Presentation #401.07 in the session Exoplanet Radial Velocities — iPoster Session.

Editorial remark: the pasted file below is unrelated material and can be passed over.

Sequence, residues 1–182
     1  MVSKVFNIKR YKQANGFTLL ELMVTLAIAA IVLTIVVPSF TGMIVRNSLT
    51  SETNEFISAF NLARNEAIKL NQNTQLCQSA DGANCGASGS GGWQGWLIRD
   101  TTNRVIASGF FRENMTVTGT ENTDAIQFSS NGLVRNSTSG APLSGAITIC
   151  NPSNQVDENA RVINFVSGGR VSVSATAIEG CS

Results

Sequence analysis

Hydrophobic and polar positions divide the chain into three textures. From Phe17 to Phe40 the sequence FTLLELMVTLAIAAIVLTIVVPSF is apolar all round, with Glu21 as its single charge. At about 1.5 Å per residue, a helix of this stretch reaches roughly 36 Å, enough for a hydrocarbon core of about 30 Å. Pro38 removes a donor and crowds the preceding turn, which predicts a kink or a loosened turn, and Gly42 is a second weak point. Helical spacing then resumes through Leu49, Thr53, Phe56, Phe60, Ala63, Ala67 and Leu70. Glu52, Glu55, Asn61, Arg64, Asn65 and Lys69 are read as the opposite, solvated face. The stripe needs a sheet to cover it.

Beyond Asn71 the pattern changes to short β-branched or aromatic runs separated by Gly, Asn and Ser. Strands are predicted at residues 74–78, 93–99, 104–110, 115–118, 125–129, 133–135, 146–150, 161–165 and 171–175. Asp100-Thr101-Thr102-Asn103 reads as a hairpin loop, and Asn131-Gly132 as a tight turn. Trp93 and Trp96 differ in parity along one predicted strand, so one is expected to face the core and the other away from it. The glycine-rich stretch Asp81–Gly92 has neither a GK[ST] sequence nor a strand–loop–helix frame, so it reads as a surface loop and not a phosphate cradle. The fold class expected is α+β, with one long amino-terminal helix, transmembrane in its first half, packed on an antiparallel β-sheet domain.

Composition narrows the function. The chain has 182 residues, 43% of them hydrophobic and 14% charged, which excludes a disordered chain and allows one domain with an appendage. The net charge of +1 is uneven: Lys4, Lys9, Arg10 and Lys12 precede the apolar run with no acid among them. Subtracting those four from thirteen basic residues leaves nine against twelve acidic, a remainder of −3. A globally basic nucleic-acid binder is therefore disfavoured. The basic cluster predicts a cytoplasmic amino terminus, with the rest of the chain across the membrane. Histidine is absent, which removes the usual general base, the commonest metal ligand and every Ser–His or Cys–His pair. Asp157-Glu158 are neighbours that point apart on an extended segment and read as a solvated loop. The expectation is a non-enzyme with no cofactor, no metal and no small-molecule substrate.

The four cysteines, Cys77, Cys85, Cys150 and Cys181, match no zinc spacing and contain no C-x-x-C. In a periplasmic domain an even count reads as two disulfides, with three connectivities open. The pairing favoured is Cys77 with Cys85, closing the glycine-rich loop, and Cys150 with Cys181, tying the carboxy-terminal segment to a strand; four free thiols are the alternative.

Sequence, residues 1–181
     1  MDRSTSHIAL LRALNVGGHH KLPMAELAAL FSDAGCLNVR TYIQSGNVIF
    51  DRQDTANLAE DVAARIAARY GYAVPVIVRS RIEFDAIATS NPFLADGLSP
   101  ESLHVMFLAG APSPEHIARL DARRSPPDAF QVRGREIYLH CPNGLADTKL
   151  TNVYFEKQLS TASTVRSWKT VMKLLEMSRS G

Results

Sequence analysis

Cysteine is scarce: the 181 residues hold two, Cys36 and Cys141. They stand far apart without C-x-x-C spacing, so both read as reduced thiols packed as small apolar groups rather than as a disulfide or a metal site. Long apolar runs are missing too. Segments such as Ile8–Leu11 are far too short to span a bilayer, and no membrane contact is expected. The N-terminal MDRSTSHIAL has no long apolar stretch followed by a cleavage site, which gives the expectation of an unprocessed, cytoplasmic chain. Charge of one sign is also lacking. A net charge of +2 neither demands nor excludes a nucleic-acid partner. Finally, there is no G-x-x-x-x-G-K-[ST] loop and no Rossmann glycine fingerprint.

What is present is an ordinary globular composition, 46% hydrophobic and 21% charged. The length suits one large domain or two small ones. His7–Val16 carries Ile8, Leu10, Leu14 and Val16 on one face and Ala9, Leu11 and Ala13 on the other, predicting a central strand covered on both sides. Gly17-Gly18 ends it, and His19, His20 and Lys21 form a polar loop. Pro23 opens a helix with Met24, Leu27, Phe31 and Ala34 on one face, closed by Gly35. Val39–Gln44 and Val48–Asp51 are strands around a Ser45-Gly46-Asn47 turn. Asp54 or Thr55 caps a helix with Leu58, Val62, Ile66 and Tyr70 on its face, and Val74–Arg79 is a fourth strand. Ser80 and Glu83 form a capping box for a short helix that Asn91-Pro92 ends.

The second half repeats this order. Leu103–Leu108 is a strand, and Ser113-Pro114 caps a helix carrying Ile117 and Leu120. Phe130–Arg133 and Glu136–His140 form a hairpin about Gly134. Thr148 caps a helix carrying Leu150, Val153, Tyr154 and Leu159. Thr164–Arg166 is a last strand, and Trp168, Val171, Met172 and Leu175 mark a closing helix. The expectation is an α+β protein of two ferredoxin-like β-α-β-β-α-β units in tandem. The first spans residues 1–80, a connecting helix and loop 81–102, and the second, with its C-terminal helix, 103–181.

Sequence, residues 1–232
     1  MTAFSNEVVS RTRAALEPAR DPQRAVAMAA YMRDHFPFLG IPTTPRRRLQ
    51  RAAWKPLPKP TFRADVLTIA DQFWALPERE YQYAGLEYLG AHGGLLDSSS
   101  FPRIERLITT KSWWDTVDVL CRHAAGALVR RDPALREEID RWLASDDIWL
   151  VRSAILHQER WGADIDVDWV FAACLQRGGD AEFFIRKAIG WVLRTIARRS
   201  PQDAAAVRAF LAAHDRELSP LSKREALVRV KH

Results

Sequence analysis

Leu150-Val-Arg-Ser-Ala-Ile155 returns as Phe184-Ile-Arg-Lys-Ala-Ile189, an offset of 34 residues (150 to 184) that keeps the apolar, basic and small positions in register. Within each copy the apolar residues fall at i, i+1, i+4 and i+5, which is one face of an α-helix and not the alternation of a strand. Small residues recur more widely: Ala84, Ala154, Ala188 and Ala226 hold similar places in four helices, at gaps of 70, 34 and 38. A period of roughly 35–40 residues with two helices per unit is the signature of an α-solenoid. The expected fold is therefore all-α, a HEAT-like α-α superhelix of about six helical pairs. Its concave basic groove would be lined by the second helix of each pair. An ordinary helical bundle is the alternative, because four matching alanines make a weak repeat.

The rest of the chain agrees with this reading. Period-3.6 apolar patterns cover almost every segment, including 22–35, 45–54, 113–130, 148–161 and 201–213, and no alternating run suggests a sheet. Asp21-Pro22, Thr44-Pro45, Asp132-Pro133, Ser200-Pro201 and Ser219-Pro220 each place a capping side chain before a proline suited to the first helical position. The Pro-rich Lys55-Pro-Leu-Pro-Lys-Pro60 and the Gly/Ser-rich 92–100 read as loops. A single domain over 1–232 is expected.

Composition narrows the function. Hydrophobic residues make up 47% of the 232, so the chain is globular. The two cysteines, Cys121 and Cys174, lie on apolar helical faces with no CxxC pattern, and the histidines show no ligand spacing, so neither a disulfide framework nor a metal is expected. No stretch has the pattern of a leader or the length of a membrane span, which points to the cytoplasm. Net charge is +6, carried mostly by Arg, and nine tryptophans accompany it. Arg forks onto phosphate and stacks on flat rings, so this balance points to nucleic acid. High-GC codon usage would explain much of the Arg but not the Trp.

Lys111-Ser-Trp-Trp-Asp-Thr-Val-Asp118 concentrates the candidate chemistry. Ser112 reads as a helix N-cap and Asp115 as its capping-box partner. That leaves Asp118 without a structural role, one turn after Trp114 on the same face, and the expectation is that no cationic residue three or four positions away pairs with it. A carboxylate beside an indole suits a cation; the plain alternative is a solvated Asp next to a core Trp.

Surveying planet occurrence rates in star clusters and in the field can help us understand how the stellar environment influences planet formation. A paper by Brucalassi et al. reports the discovery of several planets in the M67 open cluster and claims that the occurrence rate of Jupiter-mass planets in the M67 cluster is comparable to or slightly higher than the occurrence rate in the field. However, this paper presents an independent set of 354 radial velocity (RV) observations to test one of Brucalassi et al.’s planet discoveries: a giant planet orbiting the K giant star Sanders 364. From our analysis of our radial velocities, we have found no evidence of the giant planet reported by Brucalassi et al. We speculate that since Brucalassi et al.’s observations were fewer and sparser than our observations, their analysis of periodic radial velocity variations may not have been able to resolve longer period peaks in the periodogram that were comparatively more significant than the peak they reported. In addition, large scale features and motions in the atmospheres of evolved stars may cause long-term quasi-periodic signals to appear, which are hard to disentangle from orbital motion. Thus, our findings suggest that radial velocity signals from evolved stars, and thereby surveys of star occurrence rates with evolved stars in the sample, should be treated with caution.